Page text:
Leopold Lahola entered Slovak literature after World War II with three dramas (all were staged by the Slovak National Theatre) which dealt with topics related to the apocalypse of war. In these plays, he protested human lethargy and indifference vis-a-vis evil and suffering. He underlined the personal responsibility of everyone for things that had happened to mankind in the war. His prose has a similar character: he shows the behavior of people on edge, at the boundary of life and death, where a person's true nature is uncovered. Literary critics stated about his plays: "first is the problem, the characters are bearers of the process of solution". The same is true for his short stories. The story deviates from its realistic plotline and moves beyond itself. It speaks about the person as s/he is. It poses the question "what is a man?" and seeks an adequate answer. It is a meeting of Lahola's tale and "the philosophy of a man" as was asserted after WWII by the philosophy of existentialism.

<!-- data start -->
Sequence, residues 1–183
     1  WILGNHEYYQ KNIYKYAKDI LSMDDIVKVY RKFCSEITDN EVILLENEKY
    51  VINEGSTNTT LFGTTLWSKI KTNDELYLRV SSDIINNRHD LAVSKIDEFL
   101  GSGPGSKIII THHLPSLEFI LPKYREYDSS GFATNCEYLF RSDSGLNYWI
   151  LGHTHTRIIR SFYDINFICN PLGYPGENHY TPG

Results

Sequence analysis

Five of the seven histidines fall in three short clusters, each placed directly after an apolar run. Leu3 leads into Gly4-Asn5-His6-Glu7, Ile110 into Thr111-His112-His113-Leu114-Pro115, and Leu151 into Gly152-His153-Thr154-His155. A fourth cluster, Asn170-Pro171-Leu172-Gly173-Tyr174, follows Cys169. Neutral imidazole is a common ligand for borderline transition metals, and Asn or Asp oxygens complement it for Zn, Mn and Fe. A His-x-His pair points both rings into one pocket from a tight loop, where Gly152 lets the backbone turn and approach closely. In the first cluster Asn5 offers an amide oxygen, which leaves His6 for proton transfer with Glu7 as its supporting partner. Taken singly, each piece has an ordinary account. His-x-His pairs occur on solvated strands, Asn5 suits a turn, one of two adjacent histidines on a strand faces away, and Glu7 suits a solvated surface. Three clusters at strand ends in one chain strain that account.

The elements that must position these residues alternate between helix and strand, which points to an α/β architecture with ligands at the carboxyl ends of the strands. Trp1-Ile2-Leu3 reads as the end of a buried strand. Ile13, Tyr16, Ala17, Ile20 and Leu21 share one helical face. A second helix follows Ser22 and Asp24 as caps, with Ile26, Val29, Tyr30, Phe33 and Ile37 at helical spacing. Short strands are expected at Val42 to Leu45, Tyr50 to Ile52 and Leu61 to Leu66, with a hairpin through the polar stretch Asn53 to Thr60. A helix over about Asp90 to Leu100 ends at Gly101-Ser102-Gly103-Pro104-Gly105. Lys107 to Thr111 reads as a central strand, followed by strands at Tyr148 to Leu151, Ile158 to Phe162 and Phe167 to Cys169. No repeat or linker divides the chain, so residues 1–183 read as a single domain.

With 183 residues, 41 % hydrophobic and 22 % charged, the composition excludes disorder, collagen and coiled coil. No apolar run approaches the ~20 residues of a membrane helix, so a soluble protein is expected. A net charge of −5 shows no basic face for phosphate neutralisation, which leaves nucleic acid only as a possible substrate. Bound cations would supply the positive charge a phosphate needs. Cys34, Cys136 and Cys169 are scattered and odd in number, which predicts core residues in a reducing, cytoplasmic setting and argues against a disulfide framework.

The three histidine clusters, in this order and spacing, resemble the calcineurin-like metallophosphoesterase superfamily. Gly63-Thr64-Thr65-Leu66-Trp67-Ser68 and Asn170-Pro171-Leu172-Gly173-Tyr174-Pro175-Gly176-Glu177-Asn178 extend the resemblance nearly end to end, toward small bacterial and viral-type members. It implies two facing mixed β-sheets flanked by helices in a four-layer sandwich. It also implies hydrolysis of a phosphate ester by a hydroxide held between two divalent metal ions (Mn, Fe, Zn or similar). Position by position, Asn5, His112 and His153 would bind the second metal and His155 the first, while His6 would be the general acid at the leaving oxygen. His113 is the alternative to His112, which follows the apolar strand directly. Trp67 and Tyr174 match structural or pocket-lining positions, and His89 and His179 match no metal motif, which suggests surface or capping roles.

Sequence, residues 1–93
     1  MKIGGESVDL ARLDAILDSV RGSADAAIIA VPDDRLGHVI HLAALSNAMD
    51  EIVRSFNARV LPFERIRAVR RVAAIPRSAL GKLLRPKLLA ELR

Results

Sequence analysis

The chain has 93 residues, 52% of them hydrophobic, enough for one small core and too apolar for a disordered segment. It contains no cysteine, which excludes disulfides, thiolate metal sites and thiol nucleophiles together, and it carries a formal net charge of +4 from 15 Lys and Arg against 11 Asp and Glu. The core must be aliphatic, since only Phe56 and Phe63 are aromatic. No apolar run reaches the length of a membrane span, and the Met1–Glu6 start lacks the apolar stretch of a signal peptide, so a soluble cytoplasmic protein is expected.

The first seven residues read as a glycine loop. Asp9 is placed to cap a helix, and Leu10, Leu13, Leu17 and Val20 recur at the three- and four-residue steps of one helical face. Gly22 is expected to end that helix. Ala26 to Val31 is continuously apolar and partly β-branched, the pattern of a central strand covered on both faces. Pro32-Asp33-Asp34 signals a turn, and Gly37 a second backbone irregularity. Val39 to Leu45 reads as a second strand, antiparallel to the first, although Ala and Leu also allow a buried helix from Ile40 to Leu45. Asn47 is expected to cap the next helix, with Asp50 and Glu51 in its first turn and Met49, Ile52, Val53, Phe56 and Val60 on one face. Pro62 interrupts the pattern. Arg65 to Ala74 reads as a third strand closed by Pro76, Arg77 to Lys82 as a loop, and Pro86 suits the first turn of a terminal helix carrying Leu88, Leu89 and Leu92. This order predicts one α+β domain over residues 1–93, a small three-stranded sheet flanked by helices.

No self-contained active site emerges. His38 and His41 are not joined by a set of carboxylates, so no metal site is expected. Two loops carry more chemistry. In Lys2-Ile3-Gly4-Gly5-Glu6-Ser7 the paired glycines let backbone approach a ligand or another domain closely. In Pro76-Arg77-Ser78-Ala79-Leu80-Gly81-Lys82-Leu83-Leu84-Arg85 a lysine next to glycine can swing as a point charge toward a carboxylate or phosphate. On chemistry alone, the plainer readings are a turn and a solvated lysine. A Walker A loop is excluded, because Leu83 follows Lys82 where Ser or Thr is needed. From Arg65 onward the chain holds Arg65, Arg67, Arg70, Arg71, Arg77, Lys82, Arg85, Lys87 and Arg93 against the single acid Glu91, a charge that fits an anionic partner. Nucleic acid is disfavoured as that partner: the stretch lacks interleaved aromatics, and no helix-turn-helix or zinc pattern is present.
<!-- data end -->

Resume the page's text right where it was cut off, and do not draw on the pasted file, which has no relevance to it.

With a less gifted writer this type of model prose can diminish to a philosophical tract, but this is not the case with Lahola. The implications of his stories (and the entirety of his work) come from his actual experience, which is of tragic character, but ultimately from the strength and persuasiveness of his argument where he draws the reader into the centre of the problem of human existence. In Lahola's work, what stands out more than dramatic pictures of human suffering is the solution to issues of human behavior, the character of a person, which on one hand can rise to bestial cruelty and violence and on the other it can display unexpected heroism. Unlike other Slovak war writings and works about the national uprising where good and evil are clearly separate (explicitly in the depiction of character), Lahola perceives man as a more complex bundle of positive and negative features. Lahola's work has a permanent relevance.